Chemical instability of protein pharmaceuticals: Mechanisms of oxidation and strategies for stabilization

Biotechnol Bioeng. 1995 Dec 5;48(5):490-500. doi: 10.1002/bit.260480511.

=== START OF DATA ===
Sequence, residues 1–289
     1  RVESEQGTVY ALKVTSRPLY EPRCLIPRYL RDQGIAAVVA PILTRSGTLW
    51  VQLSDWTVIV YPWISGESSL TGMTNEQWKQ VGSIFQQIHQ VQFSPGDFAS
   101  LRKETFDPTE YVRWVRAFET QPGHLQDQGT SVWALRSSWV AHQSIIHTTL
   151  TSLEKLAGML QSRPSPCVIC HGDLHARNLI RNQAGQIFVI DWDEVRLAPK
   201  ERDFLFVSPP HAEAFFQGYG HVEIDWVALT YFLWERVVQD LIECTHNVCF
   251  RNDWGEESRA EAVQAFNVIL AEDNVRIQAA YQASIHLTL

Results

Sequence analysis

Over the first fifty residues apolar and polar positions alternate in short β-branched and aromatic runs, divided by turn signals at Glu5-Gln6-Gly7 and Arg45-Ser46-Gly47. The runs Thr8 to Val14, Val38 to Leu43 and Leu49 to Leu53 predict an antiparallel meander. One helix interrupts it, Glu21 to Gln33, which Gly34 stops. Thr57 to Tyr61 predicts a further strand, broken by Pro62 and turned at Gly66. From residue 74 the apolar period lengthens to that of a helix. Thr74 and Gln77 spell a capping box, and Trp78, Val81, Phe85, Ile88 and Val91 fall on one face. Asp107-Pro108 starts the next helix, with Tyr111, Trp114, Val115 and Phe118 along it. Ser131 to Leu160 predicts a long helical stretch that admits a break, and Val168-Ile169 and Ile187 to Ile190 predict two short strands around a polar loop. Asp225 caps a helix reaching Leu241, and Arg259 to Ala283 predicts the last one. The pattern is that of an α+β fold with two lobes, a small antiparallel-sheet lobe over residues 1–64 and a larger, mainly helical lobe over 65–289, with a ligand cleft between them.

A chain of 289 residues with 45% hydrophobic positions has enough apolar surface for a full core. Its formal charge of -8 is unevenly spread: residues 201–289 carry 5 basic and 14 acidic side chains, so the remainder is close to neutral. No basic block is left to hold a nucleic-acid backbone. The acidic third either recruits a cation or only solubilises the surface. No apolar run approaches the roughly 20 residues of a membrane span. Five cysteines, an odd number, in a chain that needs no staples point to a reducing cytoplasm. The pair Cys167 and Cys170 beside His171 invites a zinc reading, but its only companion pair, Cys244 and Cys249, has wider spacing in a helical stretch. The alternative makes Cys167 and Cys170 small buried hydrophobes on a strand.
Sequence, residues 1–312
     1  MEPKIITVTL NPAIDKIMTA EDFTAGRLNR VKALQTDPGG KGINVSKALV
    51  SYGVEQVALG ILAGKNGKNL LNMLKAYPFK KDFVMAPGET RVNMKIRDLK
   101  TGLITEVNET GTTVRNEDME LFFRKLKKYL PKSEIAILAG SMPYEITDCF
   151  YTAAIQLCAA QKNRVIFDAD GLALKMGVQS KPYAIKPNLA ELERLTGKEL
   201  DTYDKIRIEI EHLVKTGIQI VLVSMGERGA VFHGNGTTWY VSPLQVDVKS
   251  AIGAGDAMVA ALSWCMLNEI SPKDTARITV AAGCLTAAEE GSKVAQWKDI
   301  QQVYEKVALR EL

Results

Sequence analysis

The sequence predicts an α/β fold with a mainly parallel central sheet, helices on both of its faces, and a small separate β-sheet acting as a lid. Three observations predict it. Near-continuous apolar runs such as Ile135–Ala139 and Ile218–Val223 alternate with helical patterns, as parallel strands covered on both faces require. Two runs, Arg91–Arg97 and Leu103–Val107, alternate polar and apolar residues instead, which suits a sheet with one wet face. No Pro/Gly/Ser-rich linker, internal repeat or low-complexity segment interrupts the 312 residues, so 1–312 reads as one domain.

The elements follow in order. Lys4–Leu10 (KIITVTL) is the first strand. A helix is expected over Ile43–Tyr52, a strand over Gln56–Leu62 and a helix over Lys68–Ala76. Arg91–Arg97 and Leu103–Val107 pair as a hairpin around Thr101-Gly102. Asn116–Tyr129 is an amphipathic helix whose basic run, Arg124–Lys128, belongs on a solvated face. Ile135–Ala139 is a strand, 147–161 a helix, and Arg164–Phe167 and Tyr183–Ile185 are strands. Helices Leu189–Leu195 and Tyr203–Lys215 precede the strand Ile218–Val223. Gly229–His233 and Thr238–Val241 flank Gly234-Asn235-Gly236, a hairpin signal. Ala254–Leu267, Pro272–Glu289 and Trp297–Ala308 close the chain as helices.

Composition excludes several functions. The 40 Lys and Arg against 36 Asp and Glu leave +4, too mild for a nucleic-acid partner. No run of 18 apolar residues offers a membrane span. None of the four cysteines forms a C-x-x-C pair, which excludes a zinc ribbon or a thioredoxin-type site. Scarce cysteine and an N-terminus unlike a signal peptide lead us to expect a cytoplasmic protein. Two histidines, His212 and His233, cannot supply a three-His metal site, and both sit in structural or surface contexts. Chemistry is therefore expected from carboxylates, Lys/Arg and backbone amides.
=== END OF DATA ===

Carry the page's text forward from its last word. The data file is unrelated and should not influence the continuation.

Oxidation is one of the major chemical degradation pathways for protein pharmaceuticals. Methionine, cysteine, histidine, tryptophan, and tyrosine are the amino acid residues most susceptible to oxidation due to their high reactivity with various reactive oxygen species. Oxidation during protein processing and storage can be induced by contaminating oxidants, catalyzed by the presence of transition metal ions and induced by light. Oxidative modification depends on the structural features of the proteins as well as the particular oxidation mechanisms inherent in various oxidative species, and may also be influenced by pH, temperature, and buffer composition. Protein oxidation may result in loss of biological activity and other undesirable pharmaceutical consequences. Strategies to stabilize proteins against oxidation can be classified into intrinsic methods (site-directed mutagenesis and chemical modification), physical methods (solid vs. liquid formulations) and use of chemical additives. The optimum choice of chemical additives needs to be evaluated on the basis of the specific oxidation mechanism. Oxidation induced by the presence of oxidants in the system is referred to as a non-site-specific mechanism. Under such conditions, oxidation can be effectively inhibited by the appropriate addition of antioxidants or free radical scavengers. metal-catalyzed oxidation is a site-specific process, in which the addition of antioxidants may accelerate the oxidation reaction. Careful screening of chelating agents has been shown to be an alternative method for preventing metal-catalyzed oxidation. (c) 1995 John Wiley & Sons, Inc.